This new Starkland release (due out on July 29th) is actually the second time that Paul Dolden‘s music has appeared on the label. The groundbreaking Dolby 5.1 surround audio DVD with images, Immersion (2001) contains his Twilight’s Dance (2000).
Paul Dolden is a multi-instrumentalist born in Ottawa, Ontario, Canada in 1956. He has worked as a musician since age 16 playing violin, cello and electric guitar. His work has been described as post-modern, the new complexity, electroacoustic and ambient but none of these descriptors can give you a clue as to how his music actually sounds. In addition to his instruments he makes extensive use of recording technology and sampling techniques. But Dolden is not a tinkerer with a laptop and Garage Band software. His music appears to stem from a variety of influences and ideas which embrace acoustic instruments, tape techniques, digital editing, alternate tunings, rock, classical, jazz and perhaps other influences as well. His album L’ivresse de la Vitesse (1994) was listed in Wire Magazines list of “100 Records That Set the World on Fire”.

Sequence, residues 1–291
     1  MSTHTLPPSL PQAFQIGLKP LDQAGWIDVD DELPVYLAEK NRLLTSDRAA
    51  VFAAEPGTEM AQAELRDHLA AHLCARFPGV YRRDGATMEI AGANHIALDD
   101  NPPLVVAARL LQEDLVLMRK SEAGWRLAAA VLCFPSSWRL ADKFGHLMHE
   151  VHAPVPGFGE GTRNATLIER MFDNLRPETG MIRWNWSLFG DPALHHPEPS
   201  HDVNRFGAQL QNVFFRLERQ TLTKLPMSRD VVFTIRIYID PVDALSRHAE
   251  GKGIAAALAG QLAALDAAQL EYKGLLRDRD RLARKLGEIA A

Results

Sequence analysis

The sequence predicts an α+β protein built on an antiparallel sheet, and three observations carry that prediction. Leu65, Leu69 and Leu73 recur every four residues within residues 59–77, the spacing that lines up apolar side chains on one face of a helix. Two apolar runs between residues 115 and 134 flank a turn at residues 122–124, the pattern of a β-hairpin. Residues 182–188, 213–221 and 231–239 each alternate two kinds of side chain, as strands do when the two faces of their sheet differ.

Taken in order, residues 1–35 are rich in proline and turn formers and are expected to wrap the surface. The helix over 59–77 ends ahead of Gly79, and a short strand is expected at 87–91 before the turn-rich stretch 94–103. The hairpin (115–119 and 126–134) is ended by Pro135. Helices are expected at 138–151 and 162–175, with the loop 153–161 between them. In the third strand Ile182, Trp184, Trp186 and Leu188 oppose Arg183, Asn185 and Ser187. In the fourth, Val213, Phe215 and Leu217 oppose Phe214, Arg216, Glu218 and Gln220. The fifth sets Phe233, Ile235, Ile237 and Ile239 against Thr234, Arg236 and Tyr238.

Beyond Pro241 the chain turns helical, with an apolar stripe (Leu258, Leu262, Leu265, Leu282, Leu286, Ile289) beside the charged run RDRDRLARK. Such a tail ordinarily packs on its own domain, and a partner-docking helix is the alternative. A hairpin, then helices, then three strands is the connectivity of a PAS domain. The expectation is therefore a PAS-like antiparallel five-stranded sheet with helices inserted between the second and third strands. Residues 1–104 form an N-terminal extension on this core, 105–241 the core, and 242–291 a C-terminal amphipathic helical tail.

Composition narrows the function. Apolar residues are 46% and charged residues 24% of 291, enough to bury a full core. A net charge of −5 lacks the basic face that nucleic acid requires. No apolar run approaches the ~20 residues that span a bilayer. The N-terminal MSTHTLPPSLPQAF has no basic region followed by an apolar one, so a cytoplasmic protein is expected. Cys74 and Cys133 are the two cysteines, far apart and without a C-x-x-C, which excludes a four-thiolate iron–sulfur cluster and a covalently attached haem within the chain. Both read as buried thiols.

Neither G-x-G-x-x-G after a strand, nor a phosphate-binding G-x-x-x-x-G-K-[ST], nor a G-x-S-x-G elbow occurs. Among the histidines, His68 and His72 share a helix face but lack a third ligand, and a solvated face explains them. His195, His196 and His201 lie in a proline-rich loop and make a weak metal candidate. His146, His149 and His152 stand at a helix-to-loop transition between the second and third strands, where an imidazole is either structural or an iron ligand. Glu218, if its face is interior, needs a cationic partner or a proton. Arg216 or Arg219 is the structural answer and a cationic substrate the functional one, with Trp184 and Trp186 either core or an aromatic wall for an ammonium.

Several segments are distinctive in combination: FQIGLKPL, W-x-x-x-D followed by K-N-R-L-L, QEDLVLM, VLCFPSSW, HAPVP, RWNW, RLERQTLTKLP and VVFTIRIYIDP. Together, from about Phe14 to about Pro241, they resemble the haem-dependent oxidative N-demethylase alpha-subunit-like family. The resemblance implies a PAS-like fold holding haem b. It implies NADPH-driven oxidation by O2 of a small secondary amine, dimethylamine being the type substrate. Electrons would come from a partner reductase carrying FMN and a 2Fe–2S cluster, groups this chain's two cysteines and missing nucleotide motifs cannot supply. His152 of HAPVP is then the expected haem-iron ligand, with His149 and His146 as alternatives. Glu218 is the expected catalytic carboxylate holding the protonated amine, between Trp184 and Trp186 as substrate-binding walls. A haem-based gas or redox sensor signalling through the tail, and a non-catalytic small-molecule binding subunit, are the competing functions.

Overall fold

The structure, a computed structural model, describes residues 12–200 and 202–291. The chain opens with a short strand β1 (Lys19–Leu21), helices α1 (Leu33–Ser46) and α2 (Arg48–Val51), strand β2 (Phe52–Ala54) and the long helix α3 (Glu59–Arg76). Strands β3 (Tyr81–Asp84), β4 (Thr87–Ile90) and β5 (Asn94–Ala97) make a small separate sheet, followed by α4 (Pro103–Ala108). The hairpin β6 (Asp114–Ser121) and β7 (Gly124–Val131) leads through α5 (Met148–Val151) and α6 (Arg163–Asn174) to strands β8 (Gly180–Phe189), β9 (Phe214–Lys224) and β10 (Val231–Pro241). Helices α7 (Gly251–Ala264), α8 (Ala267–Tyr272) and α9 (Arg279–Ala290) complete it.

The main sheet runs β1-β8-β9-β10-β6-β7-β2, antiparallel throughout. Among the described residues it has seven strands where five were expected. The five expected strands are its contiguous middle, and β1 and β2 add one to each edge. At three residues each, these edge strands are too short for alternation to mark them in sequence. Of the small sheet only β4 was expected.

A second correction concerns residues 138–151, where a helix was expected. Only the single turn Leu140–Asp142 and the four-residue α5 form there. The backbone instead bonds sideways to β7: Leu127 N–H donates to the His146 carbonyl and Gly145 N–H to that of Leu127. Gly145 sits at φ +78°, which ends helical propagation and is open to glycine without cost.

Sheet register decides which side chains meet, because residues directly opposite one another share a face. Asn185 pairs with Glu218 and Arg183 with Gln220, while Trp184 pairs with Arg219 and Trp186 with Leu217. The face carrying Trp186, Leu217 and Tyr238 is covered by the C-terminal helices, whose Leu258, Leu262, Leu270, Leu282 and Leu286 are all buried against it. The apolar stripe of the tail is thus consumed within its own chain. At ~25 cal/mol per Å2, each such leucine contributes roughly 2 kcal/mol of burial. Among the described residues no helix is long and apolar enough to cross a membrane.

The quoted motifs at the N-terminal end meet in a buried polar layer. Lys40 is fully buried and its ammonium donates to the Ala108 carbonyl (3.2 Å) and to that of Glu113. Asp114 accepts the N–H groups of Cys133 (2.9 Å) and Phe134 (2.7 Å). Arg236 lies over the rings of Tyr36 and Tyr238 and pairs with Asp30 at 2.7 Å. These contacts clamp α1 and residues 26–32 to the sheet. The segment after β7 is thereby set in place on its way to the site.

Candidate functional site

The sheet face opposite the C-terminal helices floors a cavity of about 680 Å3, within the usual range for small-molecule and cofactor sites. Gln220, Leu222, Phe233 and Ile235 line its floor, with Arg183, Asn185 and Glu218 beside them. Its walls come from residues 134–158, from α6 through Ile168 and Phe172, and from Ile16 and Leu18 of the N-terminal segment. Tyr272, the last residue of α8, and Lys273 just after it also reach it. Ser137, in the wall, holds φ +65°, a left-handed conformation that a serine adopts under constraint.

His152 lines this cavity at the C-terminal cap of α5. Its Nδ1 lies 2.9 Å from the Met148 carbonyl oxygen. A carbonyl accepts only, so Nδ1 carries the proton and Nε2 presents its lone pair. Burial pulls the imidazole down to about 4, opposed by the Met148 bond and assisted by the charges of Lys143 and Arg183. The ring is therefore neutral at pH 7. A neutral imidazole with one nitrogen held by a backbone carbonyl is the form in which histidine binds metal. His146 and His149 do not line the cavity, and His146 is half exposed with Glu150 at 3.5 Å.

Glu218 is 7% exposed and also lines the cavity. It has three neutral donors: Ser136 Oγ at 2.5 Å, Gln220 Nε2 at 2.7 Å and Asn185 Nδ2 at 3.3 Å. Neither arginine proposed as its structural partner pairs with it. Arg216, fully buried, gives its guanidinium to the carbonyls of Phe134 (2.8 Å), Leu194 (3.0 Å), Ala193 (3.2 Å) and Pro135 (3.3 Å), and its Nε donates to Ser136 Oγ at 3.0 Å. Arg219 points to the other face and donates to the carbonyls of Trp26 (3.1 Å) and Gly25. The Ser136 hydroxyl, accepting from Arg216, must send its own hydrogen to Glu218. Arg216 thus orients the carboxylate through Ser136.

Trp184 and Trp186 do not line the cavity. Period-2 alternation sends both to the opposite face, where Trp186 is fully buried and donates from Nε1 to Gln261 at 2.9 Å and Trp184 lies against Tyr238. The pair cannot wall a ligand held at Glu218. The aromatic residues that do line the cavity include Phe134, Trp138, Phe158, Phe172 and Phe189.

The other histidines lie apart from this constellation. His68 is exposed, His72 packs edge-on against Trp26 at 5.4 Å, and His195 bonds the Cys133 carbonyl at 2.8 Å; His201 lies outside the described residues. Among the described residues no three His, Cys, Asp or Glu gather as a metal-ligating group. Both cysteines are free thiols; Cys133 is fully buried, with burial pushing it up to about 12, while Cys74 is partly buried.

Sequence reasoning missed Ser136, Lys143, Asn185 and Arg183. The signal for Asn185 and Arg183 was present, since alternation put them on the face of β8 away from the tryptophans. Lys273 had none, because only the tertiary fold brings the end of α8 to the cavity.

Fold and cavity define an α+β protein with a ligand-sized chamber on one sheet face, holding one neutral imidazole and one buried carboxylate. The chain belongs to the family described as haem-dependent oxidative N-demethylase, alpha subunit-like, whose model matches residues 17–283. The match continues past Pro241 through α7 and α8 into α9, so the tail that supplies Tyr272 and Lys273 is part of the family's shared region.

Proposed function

This was indeed his breakout release. Two previous albums are essentially retrospectives of his work. ‘Threshold of Deafening Silence’ (1990) contains works from 1983-1989. And ‘Seuil de Silences’ (2003) contains works from 1986 to 1996.
Seuil de Silences (2003)
Threshold of Deafening Silence (1990)
He followed L’Ivresse with ‘Delires de Plaisirs’ (2005). Both his biographical sketch on electrocd.com and his Wikipedia page were both created by Jean-François Denis, the Montreal based producer of the empreintes DIGITALes label which released most of Dolden’s recordings along with a treasure trove of music by mostly Canadian electroacoustic composers. There is a great deal more to Canada than hockey. There is a rich musical culture which inscrutably is very little known in the United States. This new release would be welcome if only for its making some of the best of that culture better known.
Delires de Plaisirs (2005)